Work gets under way on Tokyo’s maglev train station

Central Japan Railway has begun construction of the first station for the $90bn Chuo Shinkansen, its ultra-high-speed maglev train link that will eventually connect the Japanese capital with Osaka, its third largest city.

The station is to be dug 40m below Shinagawa station, a major railway junction in the south of Tokyo.

Work on the terminal will take more than a decade to complete, as will the digging of tunnels through the south Japanese Alps. For safety reasons the line must be as straight as possible, and this means that as much as 90% of its 500km length will be underground.

The $47bn first phase of the line will stretch 290km to the central city of Nagoya.

Central Japan Railway Company has announced that there will be four intermediate stations on the route, at Sagamihara, Kofu, Iida and Nakatsugawa.

When complete, trains will travel at about 500km/h, compared with the conventional Shinkansen’s maximum operating speed of 320km/h. This will cut the journey time between Tokyo and Osaka to one hour from the current six hours by car and two hours by train.

Japan Railways estimates that the line will attract 88 million passengers a year, with 72 million of them shifting from the existing Tokyo-Osaka line, which is the busiest high-speed line in the world, with 143 million passengers a year.

The company says it will pay the bulk of the cost of the line itself, using cash generated by the Shinkansen link.

The final stage to the line, to Osaka, is expected to be complete by 2045.

Photograph: The Chuo Shinkansen’s eastern terminus will be inserted beneath Shinagawa station (Aimaimyi/Wikimedia Commons)

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  1. The Japanese and Americans are pressing on with Maglev while we struggle on with HS2 which will not be running until 2025/6 at the earliest well over 50 years since the first High speed train was introduced in Japan.
    High speed trains have became commonplace in Europe and China in the later part of the 20th century.
    So why bare we not designing and constructing a Maglev route to the Midlands? It will allow us to keep up with the Japanese, Chinese and Americans we can also export the technology to others. If we do not, when we do get around to Maglev we will have no choice but to import the skills and hard-wear from outside the UK.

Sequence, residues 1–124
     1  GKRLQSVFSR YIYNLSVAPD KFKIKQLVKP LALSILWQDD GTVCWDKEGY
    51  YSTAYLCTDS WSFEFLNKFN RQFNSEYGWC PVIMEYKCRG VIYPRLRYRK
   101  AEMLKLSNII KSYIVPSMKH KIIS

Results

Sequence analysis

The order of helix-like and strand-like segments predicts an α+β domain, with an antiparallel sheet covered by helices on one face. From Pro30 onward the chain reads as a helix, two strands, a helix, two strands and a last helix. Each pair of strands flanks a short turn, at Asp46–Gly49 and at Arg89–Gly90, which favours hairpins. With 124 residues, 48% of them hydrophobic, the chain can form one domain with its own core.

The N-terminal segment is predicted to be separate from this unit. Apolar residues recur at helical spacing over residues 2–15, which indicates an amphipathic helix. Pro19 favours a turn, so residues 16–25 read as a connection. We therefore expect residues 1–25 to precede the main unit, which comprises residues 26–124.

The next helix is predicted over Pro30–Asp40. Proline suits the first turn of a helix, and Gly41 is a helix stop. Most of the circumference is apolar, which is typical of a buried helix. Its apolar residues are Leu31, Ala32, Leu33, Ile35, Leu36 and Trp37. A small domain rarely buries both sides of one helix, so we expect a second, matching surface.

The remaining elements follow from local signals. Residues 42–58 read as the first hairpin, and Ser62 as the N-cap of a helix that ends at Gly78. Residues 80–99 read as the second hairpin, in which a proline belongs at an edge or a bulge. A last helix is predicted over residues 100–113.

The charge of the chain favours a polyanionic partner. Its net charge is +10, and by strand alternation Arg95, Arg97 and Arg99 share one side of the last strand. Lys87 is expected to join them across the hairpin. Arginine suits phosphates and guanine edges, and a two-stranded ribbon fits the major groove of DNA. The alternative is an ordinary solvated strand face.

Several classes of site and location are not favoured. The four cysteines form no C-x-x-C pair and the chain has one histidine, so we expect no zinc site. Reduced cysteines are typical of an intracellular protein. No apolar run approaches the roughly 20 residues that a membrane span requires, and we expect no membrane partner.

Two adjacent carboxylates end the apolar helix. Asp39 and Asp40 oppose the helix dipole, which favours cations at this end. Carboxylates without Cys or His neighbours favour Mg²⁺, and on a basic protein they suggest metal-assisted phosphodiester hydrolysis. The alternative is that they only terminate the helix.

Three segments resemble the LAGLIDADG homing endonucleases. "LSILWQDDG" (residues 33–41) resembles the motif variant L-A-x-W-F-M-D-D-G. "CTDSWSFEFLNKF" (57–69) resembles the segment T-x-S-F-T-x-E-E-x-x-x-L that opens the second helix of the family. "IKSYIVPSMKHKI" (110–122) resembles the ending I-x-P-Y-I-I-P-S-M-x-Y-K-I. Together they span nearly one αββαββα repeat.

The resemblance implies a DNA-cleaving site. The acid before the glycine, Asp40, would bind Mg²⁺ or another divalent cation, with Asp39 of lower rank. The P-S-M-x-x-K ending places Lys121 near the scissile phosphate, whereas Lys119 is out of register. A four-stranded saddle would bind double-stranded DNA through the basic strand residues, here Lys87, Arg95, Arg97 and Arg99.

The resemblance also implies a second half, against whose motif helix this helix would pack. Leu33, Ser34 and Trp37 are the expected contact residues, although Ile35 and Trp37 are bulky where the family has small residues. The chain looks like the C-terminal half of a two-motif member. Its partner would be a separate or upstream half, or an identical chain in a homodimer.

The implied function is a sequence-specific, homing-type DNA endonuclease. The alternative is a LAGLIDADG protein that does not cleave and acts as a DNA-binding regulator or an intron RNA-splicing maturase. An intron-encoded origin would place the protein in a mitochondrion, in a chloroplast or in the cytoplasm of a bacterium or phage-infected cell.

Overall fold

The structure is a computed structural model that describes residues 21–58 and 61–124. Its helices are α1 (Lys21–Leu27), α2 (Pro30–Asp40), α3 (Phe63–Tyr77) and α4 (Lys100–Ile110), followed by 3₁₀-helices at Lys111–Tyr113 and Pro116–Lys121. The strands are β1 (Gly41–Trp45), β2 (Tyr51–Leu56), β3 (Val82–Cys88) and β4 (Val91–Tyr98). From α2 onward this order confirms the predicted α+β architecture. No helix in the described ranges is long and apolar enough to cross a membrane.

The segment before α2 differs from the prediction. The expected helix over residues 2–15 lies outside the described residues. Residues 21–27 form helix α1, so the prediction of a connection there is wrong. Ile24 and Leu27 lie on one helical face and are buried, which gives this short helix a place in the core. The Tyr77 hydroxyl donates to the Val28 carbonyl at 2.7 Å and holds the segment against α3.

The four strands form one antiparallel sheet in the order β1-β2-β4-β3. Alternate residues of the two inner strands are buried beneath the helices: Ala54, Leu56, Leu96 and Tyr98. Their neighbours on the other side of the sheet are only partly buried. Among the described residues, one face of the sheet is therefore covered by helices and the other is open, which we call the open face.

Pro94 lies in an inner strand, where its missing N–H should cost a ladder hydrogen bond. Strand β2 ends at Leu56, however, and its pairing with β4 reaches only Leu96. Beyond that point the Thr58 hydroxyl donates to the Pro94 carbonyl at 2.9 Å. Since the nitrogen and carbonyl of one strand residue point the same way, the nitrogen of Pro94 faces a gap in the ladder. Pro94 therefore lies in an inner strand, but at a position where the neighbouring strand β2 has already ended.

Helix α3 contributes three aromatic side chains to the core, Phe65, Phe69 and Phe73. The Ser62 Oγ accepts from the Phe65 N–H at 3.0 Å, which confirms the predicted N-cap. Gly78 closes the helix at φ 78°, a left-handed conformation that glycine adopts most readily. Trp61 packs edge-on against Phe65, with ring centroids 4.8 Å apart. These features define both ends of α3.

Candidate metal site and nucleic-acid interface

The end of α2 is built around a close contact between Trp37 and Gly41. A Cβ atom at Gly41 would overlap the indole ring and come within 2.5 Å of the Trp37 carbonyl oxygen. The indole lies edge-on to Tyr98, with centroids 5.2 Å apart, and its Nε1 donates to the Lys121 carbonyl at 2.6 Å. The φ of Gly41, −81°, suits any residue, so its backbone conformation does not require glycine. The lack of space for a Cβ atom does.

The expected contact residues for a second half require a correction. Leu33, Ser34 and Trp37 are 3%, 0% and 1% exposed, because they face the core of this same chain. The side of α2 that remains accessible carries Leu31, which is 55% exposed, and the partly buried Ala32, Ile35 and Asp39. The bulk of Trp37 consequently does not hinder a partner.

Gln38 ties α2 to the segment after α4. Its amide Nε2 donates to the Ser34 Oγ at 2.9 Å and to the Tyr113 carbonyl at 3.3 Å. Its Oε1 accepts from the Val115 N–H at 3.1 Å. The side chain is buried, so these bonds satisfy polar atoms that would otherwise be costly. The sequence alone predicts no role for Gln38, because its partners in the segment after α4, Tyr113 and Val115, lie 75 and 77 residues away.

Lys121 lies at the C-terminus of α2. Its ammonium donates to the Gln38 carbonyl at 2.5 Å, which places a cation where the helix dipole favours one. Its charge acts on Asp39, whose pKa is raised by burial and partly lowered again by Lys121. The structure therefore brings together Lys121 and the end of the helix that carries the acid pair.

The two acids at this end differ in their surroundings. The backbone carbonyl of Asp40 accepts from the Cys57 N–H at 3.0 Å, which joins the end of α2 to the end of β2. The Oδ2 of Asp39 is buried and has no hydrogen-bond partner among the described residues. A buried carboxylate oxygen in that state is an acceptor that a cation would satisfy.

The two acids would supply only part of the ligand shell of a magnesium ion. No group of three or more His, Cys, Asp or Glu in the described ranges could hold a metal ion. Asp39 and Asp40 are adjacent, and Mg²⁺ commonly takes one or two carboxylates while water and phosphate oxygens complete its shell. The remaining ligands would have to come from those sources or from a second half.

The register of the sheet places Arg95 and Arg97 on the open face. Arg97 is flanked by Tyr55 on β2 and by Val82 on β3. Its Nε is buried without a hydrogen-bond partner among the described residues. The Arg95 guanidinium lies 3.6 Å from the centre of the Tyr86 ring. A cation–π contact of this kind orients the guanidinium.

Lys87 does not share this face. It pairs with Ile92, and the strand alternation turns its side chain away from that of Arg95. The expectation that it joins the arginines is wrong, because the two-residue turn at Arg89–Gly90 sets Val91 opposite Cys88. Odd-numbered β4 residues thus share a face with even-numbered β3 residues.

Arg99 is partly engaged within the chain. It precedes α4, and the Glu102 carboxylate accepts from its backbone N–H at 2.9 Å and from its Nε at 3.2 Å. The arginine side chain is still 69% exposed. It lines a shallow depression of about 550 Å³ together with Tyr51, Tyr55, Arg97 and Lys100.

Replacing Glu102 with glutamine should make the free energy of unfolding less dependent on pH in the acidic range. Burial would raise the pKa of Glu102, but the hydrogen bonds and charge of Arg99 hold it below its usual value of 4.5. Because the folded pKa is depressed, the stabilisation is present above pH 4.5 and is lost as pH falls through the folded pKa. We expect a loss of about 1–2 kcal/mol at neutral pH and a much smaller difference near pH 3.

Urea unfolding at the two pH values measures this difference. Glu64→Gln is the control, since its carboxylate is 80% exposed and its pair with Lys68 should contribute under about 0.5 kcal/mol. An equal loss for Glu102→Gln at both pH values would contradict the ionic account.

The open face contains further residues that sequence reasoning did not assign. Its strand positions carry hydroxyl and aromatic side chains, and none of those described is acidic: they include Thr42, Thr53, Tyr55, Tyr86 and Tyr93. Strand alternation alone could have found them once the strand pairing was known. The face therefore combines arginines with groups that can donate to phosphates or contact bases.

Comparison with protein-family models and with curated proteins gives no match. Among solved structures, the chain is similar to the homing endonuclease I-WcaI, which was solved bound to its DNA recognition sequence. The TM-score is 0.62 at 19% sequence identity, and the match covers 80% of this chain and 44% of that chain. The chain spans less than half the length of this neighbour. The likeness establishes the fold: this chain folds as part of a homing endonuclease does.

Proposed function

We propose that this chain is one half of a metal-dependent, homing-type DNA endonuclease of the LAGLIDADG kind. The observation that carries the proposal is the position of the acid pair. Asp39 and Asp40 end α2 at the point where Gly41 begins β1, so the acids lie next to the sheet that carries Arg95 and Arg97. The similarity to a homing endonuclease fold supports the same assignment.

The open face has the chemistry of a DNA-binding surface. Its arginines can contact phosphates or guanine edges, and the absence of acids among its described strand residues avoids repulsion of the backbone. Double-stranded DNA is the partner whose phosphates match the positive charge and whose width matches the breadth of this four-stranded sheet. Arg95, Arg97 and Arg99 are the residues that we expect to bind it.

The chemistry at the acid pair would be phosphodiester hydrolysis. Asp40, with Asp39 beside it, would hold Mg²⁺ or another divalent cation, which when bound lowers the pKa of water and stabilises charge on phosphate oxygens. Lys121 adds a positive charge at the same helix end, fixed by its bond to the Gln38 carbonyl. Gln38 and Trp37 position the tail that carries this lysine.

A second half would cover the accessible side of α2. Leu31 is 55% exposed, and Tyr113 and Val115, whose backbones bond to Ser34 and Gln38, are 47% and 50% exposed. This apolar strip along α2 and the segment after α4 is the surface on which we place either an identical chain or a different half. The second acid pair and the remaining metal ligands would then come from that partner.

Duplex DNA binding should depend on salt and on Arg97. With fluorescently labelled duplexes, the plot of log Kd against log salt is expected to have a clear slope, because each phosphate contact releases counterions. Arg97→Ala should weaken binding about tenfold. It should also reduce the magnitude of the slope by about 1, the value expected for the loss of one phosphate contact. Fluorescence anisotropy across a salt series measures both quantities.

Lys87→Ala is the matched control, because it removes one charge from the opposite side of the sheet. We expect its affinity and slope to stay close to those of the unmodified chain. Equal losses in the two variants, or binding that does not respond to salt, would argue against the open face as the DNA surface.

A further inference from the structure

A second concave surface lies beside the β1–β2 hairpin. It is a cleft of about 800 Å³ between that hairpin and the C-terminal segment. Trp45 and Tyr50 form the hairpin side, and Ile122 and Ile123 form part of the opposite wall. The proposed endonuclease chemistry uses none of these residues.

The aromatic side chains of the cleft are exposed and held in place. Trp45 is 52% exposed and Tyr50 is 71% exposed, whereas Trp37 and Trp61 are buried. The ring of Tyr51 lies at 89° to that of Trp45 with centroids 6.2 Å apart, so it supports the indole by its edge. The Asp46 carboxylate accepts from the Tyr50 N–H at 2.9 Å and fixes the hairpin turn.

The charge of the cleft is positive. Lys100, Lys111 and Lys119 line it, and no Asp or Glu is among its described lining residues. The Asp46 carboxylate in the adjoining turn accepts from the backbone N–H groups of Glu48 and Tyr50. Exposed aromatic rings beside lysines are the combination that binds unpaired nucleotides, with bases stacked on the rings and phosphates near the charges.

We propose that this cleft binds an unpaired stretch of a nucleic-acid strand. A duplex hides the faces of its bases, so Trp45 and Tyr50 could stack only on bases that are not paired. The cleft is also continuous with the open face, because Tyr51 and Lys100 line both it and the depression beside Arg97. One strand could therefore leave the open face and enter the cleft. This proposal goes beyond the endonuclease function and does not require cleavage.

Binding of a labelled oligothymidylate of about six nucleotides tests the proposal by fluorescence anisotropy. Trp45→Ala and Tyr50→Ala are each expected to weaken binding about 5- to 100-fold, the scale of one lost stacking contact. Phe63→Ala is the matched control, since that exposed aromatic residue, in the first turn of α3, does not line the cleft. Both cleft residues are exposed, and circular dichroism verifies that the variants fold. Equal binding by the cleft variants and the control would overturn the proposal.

2. Russian Railways and Railway Research Institute (VNIIZhT) research team also aim to present the concept for the vacuum – levitation high speed train by the end of 2016.

  3. Last year, 2016, high speed rail transported over 2 billion people, 2/3 rds, 66% as much as the world’s airlines, with a clean disruption, third industrial revolution, roaring twenties situation very near, heroic engineering will return. Projects like the Japanese magnetic levitation train tunnel network, will be able to be accelerated. Particularly if say Elon Musk’s new boring machines turn out to be significantly cheaper per km and if vacuum tunnel magnetic levitation, allows for significantly faster running times. With lower energy consumption, as more than half of the energy used by magnetic levitation trains, is air resistance, the Chinese have achieved 3,000 km/h, in experiments. If Australia is 3/4 ie 75% desert and 1/4 ie 25%, of that can produce a trillion tons of liquid hydrogen, with the price of solar power now cheaper than coal, capital flows will change.

    The Swiss Alps rail tunnel, shows that mountains can be traversed, the Himalayas rail tunnel, with a total population of around 2.5 billion people on either side, is doable. However airlines will be able to fight back, with liquid hydrogen, or electric, composite structure aircraft, but energy wise, they face much greater air resistance, than even partially air evacuated, magnetic levitation train tunnel networks. Which can more easily achieve hypersonic speeds, far more easily, we’ve seen high speed rail, go to South Korea, Taiwan, China, Turkey, Poland, through the Swiss Alps, more than doubling it’s market share, mostly in the last decade, now for the next phases in the roaring twenties.

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